The name "spring money" is a reference to an ancient Chinese ritual in which girls and boys would sing romantic music to each other from across a stream. Sex acts were traditionally only scarcely depicted in Chinese art but stone carvings from the Han dynasty showcasing sexual intercourse were found and bronze mirrors with various sexual themes were common during the Tang dynasty. It was also during the Tang dynasty that coins graphically depicting sex started being produced. Chinese love charms often have the inscription "wind, flowers, snow and moon" (風花雪月) which is an obscure verse referring to a happy and frivolous setting, although every individual character might also be used to identify a Chinese goddess or the "Seven Fairy Maidens" (七仙女). Other Chinese wedding charms often have inscriptions like fēng huā yí rén (風花宜人), míng huáng yù yǐng (明皇禦影), and lóng fèng chéng yàng (龍鳳呈樣). [58] [59] [60] [61] [62] [63] These charms could also be used in brothels where a traveller could use the illustrations to make a request of a prostitute without knowing the local language. [64] [65]

    Some Chinese marriage charms contain references to the well-known 9th century poem Chang hen ge, with figures illustrated in four different sex positions and four Chinese characters representing the spring, wind, peaches, and plums. [66]

    A design of Chinese, Korean, and Vietnamese marriage amulets display a pair of fish on one side and the inscription Eo ssang (魚双, "Pair of Fish") on the other side. [67] [68] In various Oriental cultures fish are associated with plenty and abundance. [69] Fish are furthermore noted for their prolific ability to reproduce and that when they swim that this was in joy and are therefore associated with a happy and harmonious marriage. [69] In Feng Shui, a pair of fish are associated with conjugal bliss and the joys of being in a matrimonial union. [69]

    House charms Edit

    Chinese house charms refer to Chinese numismatic talismans placed within a house to bring good fortune to the place, or to balance the house according to Feng shui. These charms date to the Han dynasty and were placed in houses even while the building was under construction they were also placed in temples and other buildings. Many traditional Chinese houses tend to display images of the menshen (threshold guardian). Some buildings were built with a "foundation stone" (石敢當), based on the Mount Tai in Shandong, with the inscription tài shān zài cǐ (泰山在此, "Mount Tai is here") or tài shān shí gǎn dāng (泰山石敢當, "the stone of Mount Tai dares to resist"). Ridgepoles in Chinese buildings are usually painted red and are decorated with red paper, cloth banners, and Bagua charms. Five poison charms are often used to deter unwanted human visitors as well as animal pests. [ relevant? ] Many Chinese house charms are small bronze statues of bearded old men assigned to protect the house from evil spirits, the God of War, Zhong Kui (鍾馗), and the "Polar Deity". House charms tend to have inscriptions inviting good fortune into the home like cháng mìng fù guì (長命富貴, "longevity, wealth and honour"), fú shòu tóng tiān (福壽同天, "good fortune and longevity on the same day"), zhāo cái jìn bǎo (招財進寶, "attracts wealth and treasure"), sì jì píng ān (四季平安, "peace for the four seasons"), wǔ fú pěng shòu (五福捧壽, "five fortunes surround longevity"), shàng tiān yán hǎo shì (上天言好事, "ascend to heaven and speak of good deeds"), and huí gōng jiàng jí xiáng (回宮降吉祥, "return to your palace and bring good fortune"). [70] [71] [72]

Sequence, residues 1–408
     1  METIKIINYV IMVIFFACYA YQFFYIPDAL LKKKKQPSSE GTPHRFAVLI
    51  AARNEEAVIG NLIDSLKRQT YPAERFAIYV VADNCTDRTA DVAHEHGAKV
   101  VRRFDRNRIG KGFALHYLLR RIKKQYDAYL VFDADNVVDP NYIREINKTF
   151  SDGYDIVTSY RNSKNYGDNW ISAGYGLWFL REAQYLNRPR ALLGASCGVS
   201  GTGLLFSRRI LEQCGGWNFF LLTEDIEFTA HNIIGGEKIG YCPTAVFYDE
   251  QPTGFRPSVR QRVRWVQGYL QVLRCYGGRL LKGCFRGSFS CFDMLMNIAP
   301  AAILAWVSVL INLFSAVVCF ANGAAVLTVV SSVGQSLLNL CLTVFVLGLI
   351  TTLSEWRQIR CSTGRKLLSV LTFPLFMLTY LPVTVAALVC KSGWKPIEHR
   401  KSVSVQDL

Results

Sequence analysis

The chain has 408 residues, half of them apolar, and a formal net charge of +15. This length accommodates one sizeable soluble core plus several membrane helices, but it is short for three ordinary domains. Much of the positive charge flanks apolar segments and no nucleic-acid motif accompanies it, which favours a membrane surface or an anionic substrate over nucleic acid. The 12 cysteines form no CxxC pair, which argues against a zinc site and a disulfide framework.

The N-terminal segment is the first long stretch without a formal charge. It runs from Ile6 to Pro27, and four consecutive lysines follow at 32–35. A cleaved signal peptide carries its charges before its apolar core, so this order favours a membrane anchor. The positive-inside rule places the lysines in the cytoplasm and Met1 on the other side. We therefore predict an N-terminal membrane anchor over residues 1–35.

Palace cash coins Edit

    Palace cash coins are sometimes included as a category of Chinese numismatic charms. [73] These special coins, according to the Standard Catalog of World Coins by Krause Publications, were specifically produced to be presented as gifts during Chinese new year to the people who worked in the Chinese imperial palace such as imperial guards and eunuchs, who would hang these special coins below lamps. [73] In his book Qing Cash, published by the Royal Numismatic Society in the year 2003, David Hartill noted that these palace cash coins were only produced during the establishment of a new reign era title. [73] The first Chinese palace cash coins were produced in the year 1736 during the reign of the Qianlong Emperor and tend to be between 30 millimeters and 40 millimeters in diameter. [73] These palace cash coins were produced until the end of the Qing dynasty. [73]

    These coins contain the reign titles Qianlong, Jiaqing, Daoguang, Xianfeng, Tongzhi, Guangxu, or Xuantong with "Tongbao" (通寶), or rarely "Zhongbao" (重寶), in their obverse inscription and the reverse inscription "Tianxia Taiping" (天下太平). [74] These special cash coins were wrapped inside of a piece of rectangular cloth and every time that an Emperor died (or "ascended to his ancestors") the coins were replaced with new reign titles. [74] Some Tianxia Taiping cash coins were manufactured by the Ministry of Revenue while others were produced by private mints. [74] Palace issues tend to be larger than circulation cash coins with the same inscriptions. [75]